By Robert Ander
TMD, or temporomandibular joint disorders, are a serious problem affecting more and more people every year. If you’ve ever had problems with your jaw, pain from chewing, or biting, or even if you wake up with a sore jaw, you might suffer from TMD. Disorders of the jaw are often incorrectly called TMJ, which simply stands for temporomandibular joint.
What Is It?
TMD is generally described as any disorder of the joint around the jaw area. The TMJ is the hinge point that connects the lower jaw to the mandible of the skull. It’s immediately in front of the ear on each side of your head. If you feel for it, it’ll feel like a small protruding bone. Visit a reputable dental website for a better idea of where this is located.
The joints are somewhat flexible, and this is to allow you to talk, chew, and yawn. The muscles attached to the joint and surrounding area control jaw movement.
What Causes It?
It’s not entirely known what causes TMD. However, many dentists believe that the symptoms arise from problems with the muscles of the jaw or possibly with the parts of the joints and surrounding tendons themselves.
An injury to the jaw, temporomandibular joint, or the muscles on the head and neck,may cause TMD. Grinding the teeth during sleep, dislocation of the soft cushion of disc between the ball and socket, osteoarthritis, or rheumatoid arthritis in the TMJ, and even stress can all cause the disorder.
What Are The Symptoms?
People who suffer from TMD often experience severe pain and discomfort that can be temporary or it can last many years. Women are more susceptible to the disorder than men, and it’s most common in people between the ages of 20 and 40.
Other symptoms include a pain or tenderness in the face or jaw area. You may also experience pain in the neck and shoulders, or in and around the ear when you chew, talk, or open wide. You might have limited ability to open your mouth very wide, your jaw might become “stuck,” or “locked” in an open or closed position and you might experience painless or painful clickling, popping, or grating sounds when you open or close your mouth.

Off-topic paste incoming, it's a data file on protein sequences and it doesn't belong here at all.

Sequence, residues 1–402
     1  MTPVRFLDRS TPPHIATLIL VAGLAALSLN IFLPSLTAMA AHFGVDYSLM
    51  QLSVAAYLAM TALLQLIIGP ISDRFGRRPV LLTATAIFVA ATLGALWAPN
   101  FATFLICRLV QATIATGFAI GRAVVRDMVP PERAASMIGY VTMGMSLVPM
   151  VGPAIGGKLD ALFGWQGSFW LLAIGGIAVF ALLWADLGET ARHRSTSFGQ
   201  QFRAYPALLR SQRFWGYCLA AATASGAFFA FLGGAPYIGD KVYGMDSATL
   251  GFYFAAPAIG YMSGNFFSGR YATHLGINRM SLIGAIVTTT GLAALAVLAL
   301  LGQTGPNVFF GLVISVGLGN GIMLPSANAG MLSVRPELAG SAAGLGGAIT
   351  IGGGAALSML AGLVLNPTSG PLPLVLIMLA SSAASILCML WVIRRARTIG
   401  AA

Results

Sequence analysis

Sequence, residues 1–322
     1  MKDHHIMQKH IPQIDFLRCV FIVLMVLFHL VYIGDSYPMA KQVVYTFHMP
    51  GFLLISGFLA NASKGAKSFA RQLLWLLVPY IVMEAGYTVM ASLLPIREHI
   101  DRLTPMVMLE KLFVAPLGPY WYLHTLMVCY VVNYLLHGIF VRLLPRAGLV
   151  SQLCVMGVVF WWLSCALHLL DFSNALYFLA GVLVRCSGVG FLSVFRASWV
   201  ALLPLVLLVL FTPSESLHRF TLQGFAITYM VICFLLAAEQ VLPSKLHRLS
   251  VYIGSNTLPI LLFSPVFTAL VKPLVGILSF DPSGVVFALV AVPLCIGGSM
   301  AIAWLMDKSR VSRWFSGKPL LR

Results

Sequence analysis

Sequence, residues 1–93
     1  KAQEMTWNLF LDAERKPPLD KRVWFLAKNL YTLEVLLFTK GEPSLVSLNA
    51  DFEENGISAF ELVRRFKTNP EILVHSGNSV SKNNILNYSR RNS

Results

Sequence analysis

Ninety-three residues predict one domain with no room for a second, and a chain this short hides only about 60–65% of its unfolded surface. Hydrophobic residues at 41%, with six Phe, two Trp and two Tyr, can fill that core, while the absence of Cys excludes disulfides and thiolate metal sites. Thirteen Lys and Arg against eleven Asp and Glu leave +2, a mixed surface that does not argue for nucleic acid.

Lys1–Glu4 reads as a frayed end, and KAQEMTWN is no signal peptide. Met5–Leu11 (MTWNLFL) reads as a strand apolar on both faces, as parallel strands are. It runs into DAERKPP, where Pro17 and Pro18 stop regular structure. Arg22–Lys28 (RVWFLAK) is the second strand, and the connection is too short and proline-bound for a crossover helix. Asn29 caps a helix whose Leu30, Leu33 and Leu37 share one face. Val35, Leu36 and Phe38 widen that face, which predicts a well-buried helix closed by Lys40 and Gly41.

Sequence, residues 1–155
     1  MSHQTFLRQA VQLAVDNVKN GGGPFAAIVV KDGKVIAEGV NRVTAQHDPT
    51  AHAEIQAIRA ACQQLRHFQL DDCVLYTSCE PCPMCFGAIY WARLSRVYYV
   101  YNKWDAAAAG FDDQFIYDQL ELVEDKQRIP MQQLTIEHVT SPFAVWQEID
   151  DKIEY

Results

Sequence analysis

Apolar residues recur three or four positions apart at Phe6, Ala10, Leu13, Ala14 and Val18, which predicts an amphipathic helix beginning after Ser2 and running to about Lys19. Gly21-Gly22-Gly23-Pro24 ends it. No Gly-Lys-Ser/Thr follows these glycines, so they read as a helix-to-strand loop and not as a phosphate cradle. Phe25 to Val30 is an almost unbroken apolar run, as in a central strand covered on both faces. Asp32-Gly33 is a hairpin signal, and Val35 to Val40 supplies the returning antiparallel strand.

You might have a tired feeling in your face or facial muscles, difficulty in chewing your food. You might also have an uncomfortable bite – sort of like the upper and lower teeth aren’t fitting together properly. You can have swelling on the side of the face.
How It’s Diagnosed
Most doctors and dentists can diagnose TMD only after a thorough evaluation of symptoms. This is because many of the symptoms mimic other illnesses or disorders. Your dentist should examine your temporomandibular joint for tenderness and pain. He should also listen for any grating, popping, or clicking sounds with movement of the jaw. An MRI and CT scan will often confirm a visual diagnosis.
How It’s Treated
Treatments for TMD vary depending on the severity and your willingness to solve the problem. Generally, dentists will advise that you apply moist heat or cold packs to your jaw for about 10 minutes at a time. They might also advise you to eat soft foods for a period of time, take certain medications like NSAIDs to reduce the pain, or they may even advise low-level laser therapy. The laser therapy is actually pretty cool. It it used to reduce the pain and inflammation as well as increase your range of motion in your neck and jaw area.
Finally, you may be advised to undergo corrective dental treatments, surgery, or wear a splint or night guard.
– Robert Ander is a dental technician and is passionate about dental health. He frequently blogs about common problems and possible treatments. Visit the NYFamilyPediatricDentistry.com site for more information.